If you want to better understand the nature of illicit drug and alcohol use on American college campuses, you need to check the data. The most comprehensive data source available – covering the most colleges across the most measures of crime – is held by the Office of Postsecondary Education (OPE). It’s called the OPE Campus Safety and Security Statistics database and every year all colleges that receive Title IV funding from the government, no matter how renowned or ramshackle they are, report what arrests have been made on and around their campuses and residence halls so that the OPE can update its records accordingly.
The database is very far-reaching, with figures for nearly 10,000 different institutions dating back more than a decade. However, it doesn’t go into very much detail about each one. For instance, it records the number of drug arrests each college has, but not the specific drugs people are arrested for possessing. Nor does it specify whether arrestees are students of the college or non-students who are merely passing through the campus when apprehended by its police. The location of arrests is also quite vague, being dichotomized into either on-campus or off-campus. So too is the time at which arrests take place: In fact, there is no specific time point given, only that they occurred at some point during the 12 months that are being reported. These limits mean that once you’ve calculated the per capita rates of arrests and presented them in some pretty-looking tables, you’re left staring at a wall. Further analysis and a deeper understanding of drug and alcohol use on college campuses isn’t possible, simply because the OPE data is too vague.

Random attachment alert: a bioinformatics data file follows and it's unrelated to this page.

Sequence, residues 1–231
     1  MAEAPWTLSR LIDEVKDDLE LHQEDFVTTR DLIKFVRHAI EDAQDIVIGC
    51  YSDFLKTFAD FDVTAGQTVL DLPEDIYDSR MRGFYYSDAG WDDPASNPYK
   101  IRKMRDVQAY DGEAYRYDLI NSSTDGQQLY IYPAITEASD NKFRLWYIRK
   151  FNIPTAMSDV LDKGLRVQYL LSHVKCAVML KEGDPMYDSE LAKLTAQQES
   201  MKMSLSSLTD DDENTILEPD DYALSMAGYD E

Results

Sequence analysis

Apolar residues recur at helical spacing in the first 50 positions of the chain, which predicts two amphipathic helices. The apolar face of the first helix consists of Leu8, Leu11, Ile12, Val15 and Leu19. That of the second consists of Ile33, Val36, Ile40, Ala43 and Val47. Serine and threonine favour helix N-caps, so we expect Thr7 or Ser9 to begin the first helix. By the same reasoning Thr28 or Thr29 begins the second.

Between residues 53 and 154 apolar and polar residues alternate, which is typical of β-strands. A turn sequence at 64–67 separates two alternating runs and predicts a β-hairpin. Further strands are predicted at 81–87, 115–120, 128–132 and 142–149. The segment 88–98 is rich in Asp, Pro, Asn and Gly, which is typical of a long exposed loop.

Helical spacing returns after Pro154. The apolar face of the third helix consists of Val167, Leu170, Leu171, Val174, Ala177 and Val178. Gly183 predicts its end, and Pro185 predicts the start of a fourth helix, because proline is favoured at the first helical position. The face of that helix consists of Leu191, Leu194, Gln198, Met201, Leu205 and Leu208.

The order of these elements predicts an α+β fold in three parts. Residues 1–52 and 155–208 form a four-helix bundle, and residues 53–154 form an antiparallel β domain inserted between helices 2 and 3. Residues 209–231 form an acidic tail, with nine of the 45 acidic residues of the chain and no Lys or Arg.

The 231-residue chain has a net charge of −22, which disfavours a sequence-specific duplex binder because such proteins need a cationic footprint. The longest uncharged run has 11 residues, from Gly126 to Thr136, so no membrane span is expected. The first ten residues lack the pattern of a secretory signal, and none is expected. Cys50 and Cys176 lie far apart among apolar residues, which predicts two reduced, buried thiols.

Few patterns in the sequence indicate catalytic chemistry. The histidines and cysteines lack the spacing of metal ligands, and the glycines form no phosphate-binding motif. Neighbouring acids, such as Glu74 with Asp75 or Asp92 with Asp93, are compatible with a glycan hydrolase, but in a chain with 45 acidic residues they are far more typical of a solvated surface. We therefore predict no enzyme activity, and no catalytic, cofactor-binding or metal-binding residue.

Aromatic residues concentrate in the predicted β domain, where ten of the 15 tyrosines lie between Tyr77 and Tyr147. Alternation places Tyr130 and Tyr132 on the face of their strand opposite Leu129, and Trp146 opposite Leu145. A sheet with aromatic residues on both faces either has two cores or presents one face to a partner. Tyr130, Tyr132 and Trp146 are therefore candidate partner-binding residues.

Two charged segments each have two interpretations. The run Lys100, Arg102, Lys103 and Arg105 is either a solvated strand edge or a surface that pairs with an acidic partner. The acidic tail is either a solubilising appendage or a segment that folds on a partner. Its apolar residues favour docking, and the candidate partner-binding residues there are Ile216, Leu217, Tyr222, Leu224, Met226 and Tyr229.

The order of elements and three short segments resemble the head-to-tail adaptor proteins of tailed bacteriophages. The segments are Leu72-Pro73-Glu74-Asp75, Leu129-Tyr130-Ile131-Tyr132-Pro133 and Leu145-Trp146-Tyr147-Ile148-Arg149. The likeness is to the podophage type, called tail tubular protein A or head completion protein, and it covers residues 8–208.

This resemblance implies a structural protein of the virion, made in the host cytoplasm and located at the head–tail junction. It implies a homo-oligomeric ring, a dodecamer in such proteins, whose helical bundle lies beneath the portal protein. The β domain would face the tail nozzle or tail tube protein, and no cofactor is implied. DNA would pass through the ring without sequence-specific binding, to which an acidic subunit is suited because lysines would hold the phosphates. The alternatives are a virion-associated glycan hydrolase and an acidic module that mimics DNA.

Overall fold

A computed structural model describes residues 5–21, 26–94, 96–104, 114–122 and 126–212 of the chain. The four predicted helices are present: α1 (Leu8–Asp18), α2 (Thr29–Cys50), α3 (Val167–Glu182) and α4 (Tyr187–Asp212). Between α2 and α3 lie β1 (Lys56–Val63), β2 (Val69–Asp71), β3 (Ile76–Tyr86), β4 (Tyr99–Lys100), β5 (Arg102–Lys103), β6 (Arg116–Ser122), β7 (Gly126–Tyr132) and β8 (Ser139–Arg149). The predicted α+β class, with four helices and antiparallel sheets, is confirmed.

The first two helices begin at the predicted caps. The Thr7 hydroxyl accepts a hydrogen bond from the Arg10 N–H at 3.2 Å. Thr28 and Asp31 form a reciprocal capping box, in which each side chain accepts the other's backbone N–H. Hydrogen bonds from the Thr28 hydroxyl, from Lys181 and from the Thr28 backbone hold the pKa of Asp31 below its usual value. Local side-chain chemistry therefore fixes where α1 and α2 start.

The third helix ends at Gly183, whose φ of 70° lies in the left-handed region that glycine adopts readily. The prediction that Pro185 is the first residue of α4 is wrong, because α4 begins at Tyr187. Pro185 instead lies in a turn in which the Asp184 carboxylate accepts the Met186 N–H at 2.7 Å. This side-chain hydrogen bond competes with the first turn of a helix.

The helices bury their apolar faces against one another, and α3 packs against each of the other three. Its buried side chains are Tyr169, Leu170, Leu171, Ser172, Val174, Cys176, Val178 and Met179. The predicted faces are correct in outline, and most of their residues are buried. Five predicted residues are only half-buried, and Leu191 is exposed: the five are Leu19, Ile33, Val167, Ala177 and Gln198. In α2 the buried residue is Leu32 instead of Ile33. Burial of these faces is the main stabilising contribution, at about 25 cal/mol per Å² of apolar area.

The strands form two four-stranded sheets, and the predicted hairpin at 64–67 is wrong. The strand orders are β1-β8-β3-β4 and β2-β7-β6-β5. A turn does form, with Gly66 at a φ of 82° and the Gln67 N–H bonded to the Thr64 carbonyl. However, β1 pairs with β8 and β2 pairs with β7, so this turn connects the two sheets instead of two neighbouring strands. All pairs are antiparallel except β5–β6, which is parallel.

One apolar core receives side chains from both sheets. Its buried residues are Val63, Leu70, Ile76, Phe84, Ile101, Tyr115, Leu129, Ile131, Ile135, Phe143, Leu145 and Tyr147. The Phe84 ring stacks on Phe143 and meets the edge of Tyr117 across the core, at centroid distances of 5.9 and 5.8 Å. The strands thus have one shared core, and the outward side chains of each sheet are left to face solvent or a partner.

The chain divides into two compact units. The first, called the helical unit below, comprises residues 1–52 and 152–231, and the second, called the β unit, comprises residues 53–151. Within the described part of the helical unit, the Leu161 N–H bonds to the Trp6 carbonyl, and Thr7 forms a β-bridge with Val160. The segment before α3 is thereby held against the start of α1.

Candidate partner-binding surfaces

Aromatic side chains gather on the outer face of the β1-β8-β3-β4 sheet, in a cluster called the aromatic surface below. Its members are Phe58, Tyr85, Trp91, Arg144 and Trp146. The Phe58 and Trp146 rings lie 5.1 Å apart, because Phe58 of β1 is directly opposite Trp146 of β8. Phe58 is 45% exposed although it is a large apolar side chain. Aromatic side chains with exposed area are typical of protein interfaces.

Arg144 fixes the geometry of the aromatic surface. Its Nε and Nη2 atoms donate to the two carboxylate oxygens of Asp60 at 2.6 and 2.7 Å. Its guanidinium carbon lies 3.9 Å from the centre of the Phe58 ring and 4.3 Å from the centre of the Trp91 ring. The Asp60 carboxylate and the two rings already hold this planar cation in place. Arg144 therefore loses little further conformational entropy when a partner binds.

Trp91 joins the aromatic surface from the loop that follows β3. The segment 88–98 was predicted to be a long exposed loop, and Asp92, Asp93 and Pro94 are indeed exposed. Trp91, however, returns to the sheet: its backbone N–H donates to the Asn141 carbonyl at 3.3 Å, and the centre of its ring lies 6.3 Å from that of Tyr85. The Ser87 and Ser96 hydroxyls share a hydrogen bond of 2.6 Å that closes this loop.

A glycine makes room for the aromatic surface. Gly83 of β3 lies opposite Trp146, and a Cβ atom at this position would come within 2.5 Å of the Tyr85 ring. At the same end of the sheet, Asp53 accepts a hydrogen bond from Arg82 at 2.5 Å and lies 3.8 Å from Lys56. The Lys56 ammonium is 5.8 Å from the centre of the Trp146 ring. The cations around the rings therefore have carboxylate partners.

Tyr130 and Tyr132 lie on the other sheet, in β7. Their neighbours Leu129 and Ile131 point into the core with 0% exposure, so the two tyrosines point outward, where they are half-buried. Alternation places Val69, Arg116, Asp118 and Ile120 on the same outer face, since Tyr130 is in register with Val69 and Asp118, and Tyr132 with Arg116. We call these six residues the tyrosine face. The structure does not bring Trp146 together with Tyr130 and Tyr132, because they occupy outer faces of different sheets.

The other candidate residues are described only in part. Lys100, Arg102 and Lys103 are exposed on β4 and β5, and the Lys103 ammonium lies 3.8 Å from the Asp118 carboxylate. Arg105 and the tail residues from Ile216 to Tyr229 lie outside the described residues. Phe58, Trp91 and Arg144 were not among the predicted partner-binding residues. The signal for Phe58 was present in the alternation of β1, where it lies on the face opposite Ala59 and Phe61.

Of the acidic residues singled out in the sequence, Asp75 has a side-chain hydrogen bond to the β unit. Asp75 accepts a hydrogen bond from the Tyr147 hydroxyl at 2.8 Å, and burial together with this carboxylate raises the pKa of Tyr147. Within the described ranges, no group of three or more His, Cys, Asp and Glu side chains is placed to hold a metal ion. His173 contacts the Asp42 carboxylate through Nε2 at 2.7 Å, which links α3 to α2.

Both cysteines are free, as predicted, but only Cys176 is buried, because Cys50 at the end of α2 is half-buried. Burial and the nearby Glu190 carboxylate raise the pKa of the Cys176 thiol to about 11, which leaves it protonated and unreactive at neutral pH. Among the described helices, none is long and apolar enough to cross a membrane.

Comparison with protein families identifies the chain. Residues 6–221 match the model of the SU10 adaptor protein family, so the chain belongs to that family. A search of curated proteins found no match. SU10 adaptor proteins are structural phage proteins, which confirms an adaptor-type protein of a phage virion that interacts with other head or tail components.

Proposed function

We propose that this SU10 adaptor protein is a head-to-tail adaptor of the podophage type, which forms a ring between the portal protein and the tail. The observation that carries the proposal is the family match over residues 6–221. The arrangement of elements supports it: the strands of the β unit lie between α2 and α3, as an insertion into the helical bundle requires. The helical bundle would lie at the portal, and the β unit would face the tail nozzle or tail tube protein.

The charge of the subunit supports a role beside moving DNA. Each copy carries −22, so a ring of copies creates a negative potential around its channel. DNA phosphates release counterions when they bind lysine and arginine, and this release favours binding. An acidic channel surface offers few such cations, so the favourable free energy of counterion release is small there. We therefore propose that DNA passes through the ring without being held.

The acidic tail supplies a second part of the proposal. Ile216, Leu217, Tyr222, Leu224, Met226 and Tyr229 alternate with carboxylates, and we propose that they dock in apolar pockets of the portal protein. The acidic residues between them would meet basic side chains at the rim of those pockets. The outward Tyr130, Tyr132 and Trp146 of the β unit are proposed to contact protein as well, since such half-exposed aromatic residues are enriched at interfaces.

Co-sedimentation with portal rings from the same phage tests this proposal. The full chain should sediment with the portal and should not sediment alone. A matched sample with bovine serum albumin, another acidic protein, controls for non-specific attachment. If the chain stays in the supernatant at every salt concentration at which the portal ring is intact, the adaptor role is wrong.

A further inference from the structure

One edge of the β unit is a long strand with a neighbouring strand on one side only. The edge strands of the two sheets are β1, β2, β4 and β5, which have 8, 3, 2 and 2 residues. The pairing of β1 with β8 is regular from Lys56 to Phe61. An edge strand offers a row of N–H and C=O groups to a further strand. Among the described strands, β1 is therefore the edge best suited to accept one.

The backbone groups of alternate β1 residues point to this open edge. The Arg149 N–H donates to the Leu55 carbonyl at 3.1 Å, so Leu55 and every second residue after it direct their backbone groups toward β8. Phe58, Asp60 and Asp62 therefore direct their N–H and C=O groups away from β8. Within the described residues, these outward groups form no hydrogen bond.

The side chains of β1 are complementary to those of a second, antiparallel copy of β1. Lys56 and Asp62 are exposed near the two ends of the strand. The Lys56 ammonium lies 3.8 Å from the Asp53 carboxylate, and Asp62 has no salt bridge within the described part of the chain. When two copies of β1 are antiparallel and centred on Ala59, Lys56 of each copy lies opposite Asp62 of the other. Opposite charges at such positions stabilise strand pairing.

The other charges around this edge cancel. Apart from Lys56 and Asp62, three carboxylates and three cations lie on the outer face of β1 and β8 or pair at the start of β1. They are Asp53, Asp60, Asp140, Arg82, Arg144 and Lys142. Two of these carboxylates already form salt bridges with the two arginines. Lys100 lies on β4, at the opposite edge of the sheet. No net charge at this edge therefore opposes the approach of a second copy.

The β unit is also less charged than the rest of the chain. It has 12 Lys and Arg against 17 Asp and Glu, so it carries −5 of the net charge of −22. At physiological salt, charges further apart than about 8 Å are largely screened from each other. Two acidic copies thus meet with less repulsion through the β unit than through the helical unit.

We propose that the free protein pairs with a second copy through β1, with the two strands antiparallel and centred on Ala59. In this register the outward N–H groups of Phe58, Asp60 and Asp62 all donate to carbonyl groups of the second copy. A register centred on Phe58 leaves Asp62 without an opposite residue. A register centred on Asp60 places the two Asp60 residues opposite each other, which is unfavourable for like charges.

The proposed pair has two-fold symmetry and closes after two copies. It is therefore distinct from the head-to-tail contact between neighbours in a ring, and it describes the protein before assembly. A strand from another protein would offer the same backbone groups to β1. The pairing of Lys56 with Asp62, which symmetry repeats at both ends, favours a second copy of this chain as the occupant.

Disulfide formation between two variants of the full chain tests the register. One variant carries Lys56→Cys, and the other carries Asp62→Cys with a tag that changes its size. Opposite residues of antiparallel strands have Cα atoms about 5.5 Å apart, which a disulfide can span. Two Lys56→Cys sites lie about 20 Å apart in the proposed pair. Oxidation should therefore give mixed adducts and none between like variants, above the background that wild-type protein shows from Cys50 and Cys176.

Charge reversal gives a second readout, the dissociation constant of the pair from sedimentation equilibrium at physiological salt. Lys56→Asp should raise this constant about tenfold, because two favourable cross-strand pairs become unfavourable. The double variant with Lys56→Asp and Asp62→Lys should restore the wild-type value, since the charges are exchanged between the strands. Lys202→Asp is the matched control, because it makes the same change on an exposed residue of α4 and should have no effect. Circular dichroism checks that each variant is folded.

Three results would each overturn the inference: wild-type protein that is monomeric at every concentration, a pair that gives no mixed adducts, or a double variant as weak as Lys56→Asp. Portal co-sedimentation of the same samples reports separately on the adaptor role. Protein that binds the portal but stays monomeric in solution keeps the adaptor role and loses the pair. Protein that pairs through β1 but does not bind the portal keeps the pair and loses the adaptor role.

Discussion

To go deeper, one would need to find public records that are much more specific, detailing exactly when arrests took place, the precise charges, who was being arrested, where they lived, and perhaps even their ages. Unfortunately, not many colleges publish crime statistics detailed enough to meet our proposed research requirements. One that does is The University of Iowa, which is a happy accident, because it also happens to be the number one party college in America. In other words, it is the ideal campus to scrutinize if we want to move beyond the confines of the OPE’s simplistic numbers.